ST MATTHEW'S CHURCH
- Heritage Category:
- Listed Building
- List Entry Number:
- Date first listed:
- Date of most recent amendment:
- Statutory Address:
- ST MATTHEW'S CHURCH, GRENVILLE STREET
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- Statutory Address:
- ST MATTHEW'S CHURCH, GRENVILLE STREET
The building or site itself may lie within the boundary of more than one authority.
- Stockport (Metropolitan Authority)
- Non Civil Parish
- National Grid Reference:
701/10/200 GRENVILLE STREET 10-MAR-75 EDGELEY (East side) St Matthew's Church (Formerly listed as: GRENVILLE STREET EDGELEY Church of St Matthew)
II 1855, tower and spire added 1866. Architect J.S. Crowther.
MATERIALS: Hammer-dressed buff coloured sandstone, stone roofing slates
PLAN: Rectangular clerestoried nave with west tower, south porch, chancel with vestry off to the north. North aisle longer than south.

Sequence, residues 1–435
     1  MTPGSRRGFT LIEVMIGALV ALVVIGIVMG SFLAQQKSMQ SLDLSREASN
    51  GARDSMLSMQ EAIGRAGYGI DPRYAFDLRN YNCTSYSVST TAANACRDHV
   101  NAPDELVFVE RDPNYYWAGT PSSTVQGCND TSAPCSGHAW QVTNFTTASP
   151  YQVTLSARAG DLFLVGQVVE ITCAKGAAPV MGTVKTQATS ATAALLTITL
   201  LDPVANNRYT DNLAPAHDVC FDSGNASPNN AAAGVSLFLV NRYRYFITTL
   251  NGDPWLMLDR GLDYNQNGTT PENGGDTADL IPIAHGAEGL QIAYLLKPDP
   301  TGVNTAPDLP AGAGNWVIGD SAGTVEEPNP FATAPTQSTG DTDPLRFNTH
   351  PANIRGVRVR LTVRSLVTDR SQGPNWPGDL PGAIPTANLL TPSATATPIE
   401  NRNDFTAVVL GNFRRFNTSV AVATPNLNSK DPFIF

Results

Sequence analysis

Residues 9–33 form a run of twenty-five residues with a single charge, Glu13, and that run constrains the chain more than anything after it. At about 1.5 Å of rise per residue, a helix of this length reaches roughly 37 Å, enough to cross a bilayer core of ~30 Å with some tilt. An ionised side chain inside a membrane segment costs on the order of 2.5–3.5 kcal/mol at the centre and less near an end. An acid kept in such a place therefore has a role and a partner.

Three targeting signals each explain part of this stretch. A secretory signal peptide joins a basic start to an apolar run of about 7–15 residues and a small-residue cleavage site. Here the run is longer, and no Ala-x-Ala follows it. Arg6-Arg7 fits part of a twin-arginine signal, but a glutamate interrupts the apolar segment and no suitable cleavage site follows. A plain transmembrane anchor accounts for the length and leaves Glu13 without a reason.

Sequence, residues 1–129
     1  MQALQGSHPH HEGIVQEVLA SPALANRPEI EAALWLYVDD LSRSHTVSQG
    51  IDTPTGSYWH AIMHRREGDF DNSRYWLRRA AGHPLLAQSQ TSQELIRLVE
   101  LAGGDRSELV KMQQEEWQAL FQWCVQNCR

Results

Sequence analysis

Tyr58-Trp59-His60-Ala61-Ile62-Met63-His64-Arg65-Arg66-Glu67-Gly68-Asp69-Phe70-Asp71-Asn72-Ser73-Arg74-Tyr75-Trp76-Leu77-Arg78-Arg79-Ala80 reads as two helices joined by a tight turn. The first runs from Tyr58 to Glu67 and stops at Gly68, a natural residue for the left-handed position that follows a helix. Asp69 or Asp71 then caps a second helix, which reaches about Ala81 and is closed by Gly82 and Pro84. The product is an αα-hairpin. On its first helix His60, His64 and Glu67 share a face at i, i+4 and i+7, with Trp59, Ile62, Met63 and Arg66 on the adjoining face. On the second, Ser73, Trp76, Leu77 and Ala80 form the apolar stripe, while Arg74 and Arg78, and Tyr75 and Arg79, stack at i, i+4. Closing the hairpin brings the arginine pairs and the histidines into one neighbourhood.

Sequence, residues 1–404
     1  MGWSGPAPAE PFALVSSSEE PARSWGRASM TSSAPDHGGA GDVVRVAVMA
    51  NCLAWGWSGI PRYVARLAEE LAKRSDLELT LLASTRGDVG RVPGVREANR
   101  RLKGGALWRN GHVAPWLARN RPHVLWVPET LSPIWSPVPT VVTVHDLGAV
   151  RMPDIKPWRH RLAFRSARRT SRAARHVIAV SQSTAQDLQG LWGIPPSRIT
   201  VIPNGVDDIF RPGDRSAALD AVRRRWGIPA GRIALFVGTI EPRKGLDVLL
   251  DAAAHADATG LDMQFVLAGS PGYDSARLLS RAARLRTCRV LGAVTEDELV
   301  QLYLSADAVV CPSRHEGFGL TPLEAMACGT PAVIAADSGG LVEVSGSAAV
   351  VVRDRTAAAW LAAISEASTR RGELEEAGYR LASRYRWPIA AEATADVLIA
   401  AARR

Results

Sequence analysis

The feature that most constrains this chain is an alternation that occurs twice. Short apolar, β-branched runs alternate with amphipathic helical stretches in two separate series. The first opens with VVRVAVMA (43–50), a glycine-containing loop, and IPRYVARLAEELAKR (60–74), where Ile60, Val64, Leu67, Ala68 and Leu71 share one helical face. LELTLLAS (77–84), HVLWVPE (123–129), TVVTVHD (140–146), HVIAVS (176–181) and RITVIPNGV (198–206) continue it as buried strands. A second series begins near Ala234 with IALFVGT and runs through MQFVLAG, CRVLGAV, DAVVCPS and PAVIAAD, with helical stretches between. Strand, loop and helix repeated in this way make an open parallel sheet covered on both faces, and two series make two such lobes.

EXTERIOR: Sited in a large grassed churchyard St Matthew's Church acts as a focal point in this area of terraced housing from which it is separated by a wall in matching materials. The imposing four-stage west tower has angle buttresses and is surmounted by a broach spire. The spire has gabled, traceried lucarnes. The west doorway is decorated with trefoil cusping, nook shafts and bands of fleuron and nailhead ornament. Above is a 3-light geometric window, followed by quatrefoil windows to the bell-ringing chamber. The louvered windows to the fourth stage are 2-light with heavily crocketed hood moulds, splayed shafts and set between smaller copies in blind tracery. The nave is of four bays with lancet windows to the aisles and quatrefoils to the clerestory. The chancel is of three bays with double-light traceried windows and a door to the south wall. To the east end is a 5-light geometric window. To the north-east projects a vestry with an axially mounted chimney stack.